It’s been a while since I felt like this in the pool.
Yes, at the risk of sounding graphic, Wednesday’s workout included that feeling of pushing back the puke factor.
OK, I wasn’t really on the verge of throwing up.
But it was hard and difficult and I felt it in every fiber of my core, including some digestive tract muscles.
Most of my swim sets of the last few months included some speed work but mostly were spent working on my endurance. I had to swim 2.4-miles after all and while there was a time cut-off to hit, the bigger issue was being able to swim that long continuously.
My coach has started writing my swim workouts and the past few have been a form of testing. Last week, I had a series of 50-yard sprints to do within a certain time frame. Yesterday, it was 75-yard sprints. Think track workout only in the water.
Most of my previous speed work has been based on effort not time, which was just fine with me. In fact, the last time I routinely swam based on timed sets, I exclusively used my zoomer fins, or else I would fail to keep with the slowest lane at master’s practice.
But last week I hit the times for my 50-yard sprints.
This week, I failed to really look at the math before my 75-yard sprints. Always a good thing for me. The math is soothing to some. To me, it either makes me anxious or confuses me. Neither is a very productive emotion in my world.
After an easy 300 yard warmup, I went off to do my seven sprints.
At the risk of broadcasting my slowness, I offer my prescribed workout times:
75 yards in 1:58 to 1:55.
Go one sprint on every 2:45
After the first one, I looked at my watch: 1:53. Ooh. Too fast. Part of me was pleased but another part knew I would likely pay for that pace later. Happens nearly every time I go out fast in a track workout.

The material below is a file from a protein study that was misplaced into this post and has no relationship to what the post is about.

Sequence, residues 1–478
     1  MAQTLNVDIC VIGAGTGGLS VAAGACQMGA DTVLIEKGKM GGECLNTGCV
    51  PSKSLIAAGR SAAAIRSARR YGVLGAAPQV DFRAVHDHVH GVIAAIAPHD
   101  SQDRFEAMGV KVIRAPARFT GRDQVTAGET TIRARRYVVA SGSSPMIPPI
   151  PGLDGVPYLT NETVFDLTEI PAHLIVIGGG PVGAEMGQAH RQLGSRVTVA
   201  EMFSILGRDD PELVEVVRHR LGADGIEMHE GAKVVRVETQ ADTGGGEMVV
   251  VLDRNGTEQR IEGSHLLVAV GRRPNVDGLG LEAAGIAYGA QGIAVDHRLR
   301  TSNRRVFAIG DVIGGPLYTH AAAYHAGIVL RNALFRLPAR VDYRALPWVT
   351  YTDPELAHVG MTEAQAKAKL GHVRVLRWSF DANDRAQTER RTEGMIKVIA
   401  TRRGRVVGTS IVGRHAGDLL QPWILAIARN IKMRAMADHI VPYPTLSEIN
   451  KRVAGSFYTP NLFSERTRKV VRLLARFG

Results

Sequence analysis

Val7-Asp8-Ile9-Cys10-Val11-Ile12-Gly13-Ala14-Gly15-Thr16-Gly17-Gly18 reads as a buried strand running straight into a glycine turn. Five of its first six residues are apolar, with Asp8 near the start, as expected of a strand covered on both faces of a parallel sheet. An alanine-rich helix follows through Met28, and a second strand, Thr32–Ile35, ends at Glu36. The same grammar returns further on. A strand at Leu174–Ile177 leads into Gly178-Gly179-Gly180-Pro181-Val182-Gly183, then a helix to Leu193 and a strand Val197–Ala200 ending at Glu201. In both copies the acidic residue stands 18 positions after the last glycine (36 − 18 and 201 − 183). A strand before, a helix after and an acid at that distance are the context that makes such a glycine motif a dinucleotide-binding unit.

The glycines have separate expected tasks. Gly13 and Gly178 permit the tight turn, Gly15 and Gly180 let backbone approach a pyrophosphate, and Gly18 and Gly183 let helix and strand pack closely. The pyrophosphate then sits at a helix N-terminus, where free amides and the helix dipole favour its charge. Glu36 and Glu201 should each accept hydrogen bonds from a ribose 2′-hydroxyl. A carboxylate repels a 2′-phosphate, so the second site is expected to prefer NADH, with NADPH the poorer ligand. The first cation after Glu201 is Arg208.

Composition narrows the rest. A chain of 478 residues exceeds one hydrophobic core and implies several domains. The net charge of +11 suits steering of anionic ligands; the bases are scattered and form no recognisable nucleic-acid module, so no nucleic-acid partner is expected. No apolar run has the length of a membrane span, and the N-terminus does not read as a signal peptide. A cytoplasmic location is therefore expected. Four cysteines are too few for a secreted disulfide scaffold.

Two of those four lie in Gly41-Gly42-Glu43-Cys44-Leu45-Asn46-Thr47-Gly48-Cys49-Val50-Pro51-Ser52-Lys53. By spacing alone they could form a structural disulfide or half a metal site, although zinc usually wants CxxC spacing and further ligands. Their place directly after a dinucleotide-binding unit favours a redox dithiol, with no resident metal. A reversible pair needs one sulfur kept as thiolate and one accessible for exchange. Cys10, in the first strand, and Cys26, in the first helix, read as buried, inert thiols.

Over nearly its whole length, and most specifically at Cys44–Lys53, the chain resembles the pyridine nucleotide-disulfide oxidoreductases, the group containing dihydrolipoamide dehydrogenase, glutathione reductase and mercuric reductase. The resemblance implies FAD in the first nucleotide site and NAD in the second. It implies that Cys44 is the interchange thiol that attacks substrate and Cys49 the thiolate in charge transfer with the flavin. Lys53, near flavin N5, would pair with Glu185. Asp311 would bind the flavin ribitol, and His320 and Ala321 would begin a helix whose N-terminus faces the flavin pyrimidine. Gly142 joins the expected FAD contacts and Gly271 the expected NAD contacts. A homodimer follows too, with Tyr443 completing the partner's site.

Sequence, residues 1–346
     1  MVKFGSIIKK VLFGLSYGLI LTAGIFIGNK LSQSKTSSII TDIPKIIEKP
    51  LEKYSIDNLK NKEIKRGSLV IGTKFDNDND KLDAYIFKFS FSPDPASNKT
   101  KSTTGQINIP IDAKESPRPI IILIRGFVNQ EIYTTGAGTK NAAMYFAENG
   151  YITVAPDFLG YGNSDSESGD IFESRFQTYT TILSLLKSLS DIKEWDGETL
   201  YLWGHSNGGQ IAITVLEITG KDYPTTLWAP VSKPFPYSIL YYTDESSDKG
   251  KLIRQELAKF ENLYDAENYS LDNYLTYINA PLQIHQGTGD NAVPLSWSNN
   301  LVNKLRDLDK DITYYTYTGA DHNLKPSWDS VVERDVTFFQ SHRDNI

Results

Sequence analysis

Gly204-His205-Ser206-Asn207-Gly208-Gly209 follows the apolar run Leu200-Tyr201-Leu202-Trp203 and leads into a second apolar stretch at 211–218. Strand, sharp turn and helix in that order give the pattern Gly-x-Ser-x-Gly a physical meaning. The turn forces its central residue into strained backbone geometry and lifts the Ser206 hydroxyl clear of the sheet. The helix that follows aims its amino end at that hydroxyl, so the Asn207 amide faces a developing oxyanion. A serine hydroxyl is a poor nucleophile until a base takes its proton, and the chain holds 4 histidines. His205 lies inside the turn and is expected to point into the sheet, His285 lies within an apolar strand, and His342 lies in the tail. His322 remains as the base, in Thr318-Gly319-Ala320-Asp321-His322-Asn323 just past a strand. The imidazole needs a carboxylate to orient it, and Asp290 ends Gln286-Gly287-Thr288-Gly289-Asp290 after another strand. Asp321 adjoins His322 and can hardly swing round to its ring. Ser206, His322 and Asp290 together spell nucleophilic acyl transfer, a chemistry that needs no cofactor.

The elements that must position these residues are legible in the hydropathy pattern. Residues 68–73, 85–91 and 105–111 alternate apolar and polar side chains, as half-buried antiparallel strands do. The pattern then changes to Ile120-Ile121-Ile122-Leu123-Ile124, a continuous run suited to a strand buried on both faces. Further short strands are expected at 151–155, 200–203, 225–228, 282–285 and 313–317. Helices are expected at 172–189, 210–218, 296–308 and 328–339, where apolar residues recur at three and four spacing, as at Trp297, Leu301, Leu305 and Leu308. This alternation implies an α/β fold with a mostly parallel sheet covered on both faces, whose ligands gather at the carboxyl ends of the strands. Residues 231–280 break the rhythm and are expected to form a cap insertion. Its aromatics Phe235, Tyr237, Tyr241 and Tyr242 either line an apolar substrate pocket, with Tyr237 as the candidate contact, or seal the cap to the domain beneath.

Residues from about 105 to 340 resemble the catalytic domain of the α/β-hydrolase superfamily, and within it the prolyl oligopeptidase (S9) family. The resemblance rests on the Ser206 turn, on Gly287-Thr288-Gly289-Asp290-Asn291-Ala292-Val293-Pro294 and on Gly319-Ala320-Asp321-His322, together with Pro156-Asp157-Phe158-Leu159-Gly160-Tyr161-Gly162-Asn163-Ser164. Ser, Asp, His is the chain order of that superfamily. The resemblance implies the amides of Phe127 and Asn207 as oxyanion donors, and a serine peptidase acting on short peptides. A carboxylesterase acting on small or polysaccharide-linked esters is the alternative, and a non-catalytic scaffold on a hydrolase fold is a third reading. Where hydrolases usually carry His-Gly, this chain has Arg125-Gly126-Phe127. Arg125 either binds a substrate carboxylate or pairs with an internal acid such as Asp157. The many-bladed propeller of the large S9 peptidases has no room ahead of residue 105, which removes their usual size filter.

But a funny thing happened. I didn’t pay the price. In fact, my fastest sprint clocked in at 1:50 with my slowest at 1:54.
Seriously, I almost considered asking the lifeguard to verify that it was indeed a 25-yard length pool.
Somehow, it all felt good. Challenging for sure. Sprint No. 5 felt like a solid punch to my gut. But yet, I left the pool feeling productive and triumphant. Somewhere along the way I lost some fear. I lost the little voice that judges me, even if it was just for the duration one swim workout.
I have a friend who believes in always reaching for thoughts which feel better to us. Sometimes, we get this backward and think we need to act a certain way in order to feel a certain way. Certainly the “fake it until you make it” adage has been proven time and again. But take that one step further — let your actions flow from a place of good feeling.
When we act while in a place of fear or doubt or anxiety or stress, the results are often less than we would like. Spending a bit more time on feeling good — about a situation, a task, a relationship, yourself — puts you in better place to attract the outcomes you desire. Like attracts like.
I entered my swim workout not knowing what would happen, but excited to be back in the water, happy to be doing my second workout of the day. I immersed myself in the moment, and left the pool in an even better place than when I began.